SO. All that to tell you…..
I have a few characters.
The first is A Survivor, too old to be killed among the rest, and about 15 when we open. She is kind of based on my manager’s descriptions of her sister. Or was, initially. Her name’s Nova, like the scientific term for when a star explodes, burning extra-brightly for a little while. The temporary explosion stars do sometimes. There re two important thugs about her. One, she is extremely bitter. Like Mary in much of ‘A Little Princess,’ she cannot cry. Her mother refused to abort Nova’s younger sister, and both were executed. Nova, only four at the time, buried that resentment so deeply into her soul that all other emotion was evicted. She never properly mourned over he loss, and to this day wonders why she, too, was not killed. The second thing? Is that she is /desperate/ to feel again. To feel anything. The skin of her arms, abdomen, and thighs are all thick with self-wielded razor scars. Trouble is, she has such a high pain tolerance, even that failed. She’s tried everything, from drugs to promiscuity to attempted suicide: her body refuses (to a degree-the suicide attempts weren’t exactly…foolproof.) to let her go. And her heart refuses to pump anything but the toxic sludge of resentment and vengeance.
Less important details: she has short, pixie-cropped, bleached-angel-white hair. She shoplifts most things she wears/owns. This includes her 7 sets of earrings, nose ring, and two lip rings. All self-pierced, mind you. She might attain more as the story unfolds. At any rate, she steals to get a thrill, right? But it doesn’t last. There should be some mention to a superb heist that she pulled off, like finding her school superintendent’s medical records and proving once and for all he was once a she, or something like that. Something cooler. Anyway, one thing she has not stolen lately is new shoes. Her sneakers are falling to pieces, worn in the toes and all nasty. She could buy new ones, even. But she’s waiting.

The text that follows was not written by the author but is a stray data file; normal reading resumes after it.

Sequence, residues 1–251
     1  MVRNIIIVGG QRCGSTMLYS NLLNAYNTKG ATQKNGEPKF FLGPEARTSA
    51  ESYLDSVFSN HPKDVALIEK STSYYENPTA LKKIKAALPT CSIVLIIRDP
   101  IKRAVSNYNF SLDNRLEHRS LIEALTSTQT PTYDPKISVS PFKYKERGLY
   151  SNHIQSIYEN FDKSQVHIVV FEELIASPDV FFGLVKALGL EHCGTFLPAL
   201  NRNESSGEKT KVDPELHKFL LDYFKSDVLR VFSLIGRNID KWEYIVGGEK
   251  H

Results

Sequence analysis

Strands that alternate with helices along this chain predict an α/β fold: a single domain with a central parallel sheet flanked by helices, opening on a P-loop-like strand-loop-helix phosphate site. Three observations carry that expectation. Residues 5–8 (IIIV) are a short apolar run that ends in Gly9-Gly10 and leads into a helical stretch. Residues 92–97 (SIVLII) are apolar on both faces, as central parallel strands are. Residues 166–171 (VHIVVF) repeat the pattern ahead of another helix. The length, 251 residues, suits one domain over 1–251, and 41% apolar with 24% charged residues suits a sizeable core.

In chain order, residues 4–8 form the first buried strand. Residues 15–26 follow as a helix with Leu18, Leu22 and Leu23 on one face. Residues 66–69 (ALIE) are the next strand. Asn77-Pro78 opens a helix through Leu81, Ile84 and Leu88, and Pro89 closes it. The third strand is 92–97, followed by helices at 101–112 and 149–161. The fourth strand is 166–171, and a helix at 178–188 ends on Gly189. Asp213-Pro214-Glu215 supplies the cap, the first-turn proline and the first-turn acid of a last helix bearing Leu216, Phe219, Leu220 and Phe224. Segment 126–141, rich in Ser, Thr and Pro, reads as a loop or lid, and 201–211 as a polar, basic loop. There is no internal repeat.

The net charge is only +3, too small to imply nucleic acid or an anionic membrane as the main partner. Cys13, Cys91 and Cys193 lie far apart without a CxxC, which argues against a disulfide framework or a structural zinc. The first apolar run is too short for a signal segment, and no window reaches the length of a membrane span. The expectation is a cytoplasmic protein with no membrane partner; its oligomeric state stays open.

As far as stealing for thrill- that’s all it is. She has a job, some money… But she prefers to stash it.
She lives, with her heartbroken father (ideally, I’d like to paint him as an Andrew-Jones-After-Losing-His-Wife… Like, /that/ level of heartbroken… But we’ll see), live above their hole-in-the-wall restaurant. She works there often, so you see her camaraderie with the Resident Mexican who’s been employed there since forever… And maybe some other employees. Also, her dad is included.
On the street corner across from her bedroom window is a 24-hour convenience store of sorts. Like Walgreens, but with more. That ‘s where she normally shoplifts. Also, the ever-glowing, sterile, reminiscent-of-hospital, lights shine through her blinds every night. She could read, that’s how bright they are.
She and her dad, living over their restaurant, are in a rather run-down, crumbling portion of the city. It used to be the hub of historic downtown, but now sits at the outskirts of a massive city. The metropolic citizens has long since moved elsewhere, leaving only the remnant of happy cwindow-shoppers.